Thursday, June 7, 2018
Download MP3 (right click to save)
I had the TV on while I was getting ready to go somewhere, and I caught a snatch of a TV talk show. The host was interviewing a former FBI agent - a man who had successfully infiltrated the Mafia and had been responsible for some major indictments. Now, in his underground life, he was, as you might expect, surrounded by cocaine. The talk show host asked the FBI man, "Did you ever have to use cocaine to maintain your cover?" Good question. Well, after all, his life depended on his fitting in. But he answered that question with a firm "No". The host said, "How did you avoid having to use cocaine?" I liked his answer. In fact, it might even help you where you're feeling the pressure to fit in.
I'm Ron Hutchcraft, and I want to have A Word With You today about "Playing Offense When the Pressure is On."
So how did this Mafia infiltrator deal with the pressure to use cocaine? He said, "When the first guy offered it to me, I hit him." Okay, hold on! I am not recommending hitting people who are pressuring you to compromise, but I do like what the FBI man said next. "If you let them know from the start where you stand, they'll leave you alone." You know, that's a pretty solid principle for saying "No" to what you know is wrong.
That kind of "no compromise" character is exhibited in our word for today from the Word of God in Daniel 1 beginning in verse 5. Daniel is one of an elite group of Jewish young men who have been selected by the Babylonian king to be trained for royal service. Given the fact that the Jews were captives of the Babylonians, that's an incredible honor. Daniel was on a career path toward the top. Then came the test.
"The king assigned them," the Bible says, "a daily amount of food and wine from the king's table. They were to be trained for three years, and after that they were to enter the king's service." The crisis here for Daniel was that his commitment to God included not eating some of these foods that were forbidden by Jewish law. Verse 8 says, "But Daniel resolved not to defile himself with the royal food and wine." Okay, this is a pretty gutsy stand, especially when the person who is asking you to compromise is the most powerful person on the planet.
Well, Daniel and his friends are allowed to eat only vegetables and water for ten days, after which their condition will be compared to that of the men who are cooperating with the king's diet. And "at the end of the ten days they looked healthier and better nourished than any of the young men who ate the royal food. So the guard took away their choice food and wine they were to drink and gave them vegetables instead." Wow! So, Daniel chose conviction over compromise, and God blessed him and God promoted him.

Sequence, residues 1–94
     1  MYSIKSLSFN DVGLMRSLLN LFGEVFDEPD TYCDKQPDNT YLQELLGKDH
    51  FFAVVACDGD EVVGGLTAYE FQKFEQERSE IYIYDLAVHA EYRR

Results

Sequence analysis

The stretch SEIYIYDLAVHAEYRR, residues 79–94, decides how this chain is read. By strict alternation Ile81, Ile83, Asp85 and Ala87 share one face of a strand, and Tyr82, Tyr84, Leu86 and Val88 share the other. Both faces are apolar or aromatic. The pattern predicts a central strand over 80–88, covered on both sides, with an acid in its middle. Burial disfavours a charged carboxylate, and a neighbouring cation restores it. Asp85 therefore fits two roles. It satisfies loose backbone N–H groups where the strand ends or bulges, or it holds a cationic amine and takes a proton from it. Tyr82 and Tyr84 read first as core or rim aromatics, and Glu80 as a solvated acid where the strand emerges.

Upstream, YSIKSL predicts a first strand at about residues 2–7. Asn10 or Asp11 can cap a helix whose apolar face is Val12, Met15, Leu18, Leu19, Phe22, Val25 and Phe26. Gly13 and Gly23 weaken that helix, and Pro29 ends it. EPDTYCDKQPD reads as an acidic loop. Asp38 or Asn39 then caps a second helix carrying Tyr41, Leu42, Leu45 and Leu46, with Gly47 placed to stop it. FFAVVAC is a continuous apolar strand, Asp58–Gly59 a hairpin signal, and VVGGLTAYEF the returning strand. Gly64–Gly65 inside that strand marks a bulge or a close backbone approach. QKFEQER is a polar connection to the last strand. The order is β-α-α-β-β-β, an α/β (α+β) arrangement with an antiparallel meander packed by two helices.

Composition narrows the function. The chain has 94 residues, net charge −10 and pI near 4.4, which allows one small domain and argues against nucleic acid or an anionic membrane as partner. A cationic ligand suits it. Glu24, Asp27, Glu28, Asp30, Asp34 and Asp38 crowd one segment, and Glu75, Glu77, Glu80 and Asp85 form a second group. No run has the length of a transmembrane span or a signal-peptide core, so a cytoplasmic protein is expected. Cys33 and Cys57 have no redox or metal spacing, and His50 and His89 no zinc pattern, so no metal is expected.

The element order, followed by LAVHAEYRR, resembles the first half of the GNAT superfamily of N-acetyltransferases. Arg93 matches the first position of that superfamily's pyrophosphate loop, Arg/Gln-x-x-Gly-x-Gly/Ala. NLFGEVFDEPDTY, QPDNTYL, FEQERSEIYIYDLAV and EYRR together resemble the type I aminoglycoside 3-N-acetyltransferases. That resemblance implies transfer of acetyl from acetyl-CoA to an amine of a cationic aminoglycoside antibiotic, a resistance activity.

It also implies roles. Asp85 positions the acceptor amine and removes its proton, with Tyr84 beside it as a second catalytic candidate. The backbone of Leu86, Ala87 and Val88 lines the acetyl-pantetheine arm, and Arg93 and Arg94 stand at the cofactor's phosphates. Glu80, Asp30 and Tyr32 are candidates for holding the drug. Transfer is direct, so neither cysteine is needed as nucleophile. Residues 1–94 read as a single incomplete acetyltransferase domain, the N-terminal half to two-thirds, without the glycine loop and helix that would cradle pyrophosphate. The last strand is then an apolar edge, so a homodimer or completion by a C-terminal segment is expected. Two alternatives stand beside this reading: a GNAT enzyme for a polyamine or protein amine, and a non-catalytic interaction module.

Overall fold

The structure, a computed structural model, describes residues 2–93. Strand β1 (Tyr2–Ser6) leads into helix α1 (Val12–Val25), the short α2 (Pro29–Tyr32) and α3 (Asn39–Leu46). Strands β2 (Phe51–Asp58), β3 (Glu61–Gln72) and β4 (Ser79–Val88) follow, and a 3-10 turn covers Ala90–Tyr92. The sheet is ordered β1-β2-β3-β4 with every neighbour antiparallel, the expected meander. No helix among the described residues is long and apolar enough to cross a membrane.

Now Daniel could easily have waited to draw the line until he was facing a more major moral compromise. But, like that undercover agent, he let people know from the start where he stood - and they left him alone. You know, playing offense like that will ultimately work for you, too. Say "No" to the pressure right up front.
As long as people are trying to live like Jesus in a dirty world, there is going to be pressure to fit in. You probably feel it where you are - the pressure to compromise just a little bit on the truth, or on your purity, or on your allegiance to Jesus. Every time you compromise a little to fit in, you actually increase the pressure. They'll be back again, expecting you to give in again. But once you take a firm stand, pass a couple of tests, people generally will let you be what you said you'd be. My son summed it up when he was in high school. He said, "Life is so much simpler when you've decided to just be totally for Christ." Well, he's right.
Starting now, why don't you verbally, clearly, graciously let it be known where you stand. Pretty soon, I think they'll back off. They'll expect you to be what you said you would be. But when you're soft like Play-Doh, they're just going to keep squeezing. When you're solid like a rock, they'll realize that their squeezing is just never going to change what you are.